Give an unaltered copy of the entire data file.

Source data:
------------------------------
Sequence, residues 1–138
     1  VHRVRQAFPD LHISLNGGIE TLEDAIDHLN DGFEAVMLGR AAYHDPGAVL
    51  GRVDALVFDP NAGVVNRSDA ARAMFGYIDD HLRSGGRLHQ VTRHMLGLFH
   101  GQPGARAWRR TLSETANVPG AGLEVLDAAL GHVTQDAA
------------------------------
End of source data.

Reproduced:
Sequence, residues 1–138
     1  VHRVRQAFPD LHISLNGGIE TLEDAIDHLN DGFEAVMLGR AAYHDPGAVL
    51  GRVDALVFDP NAGVVNRSDA ARAMFGYIDD HLRSGGRLHQ VTRHMLGLFH
   101  GQPGARAWRR TLSETANVPG AGLEVLDAAL GHVTQDAA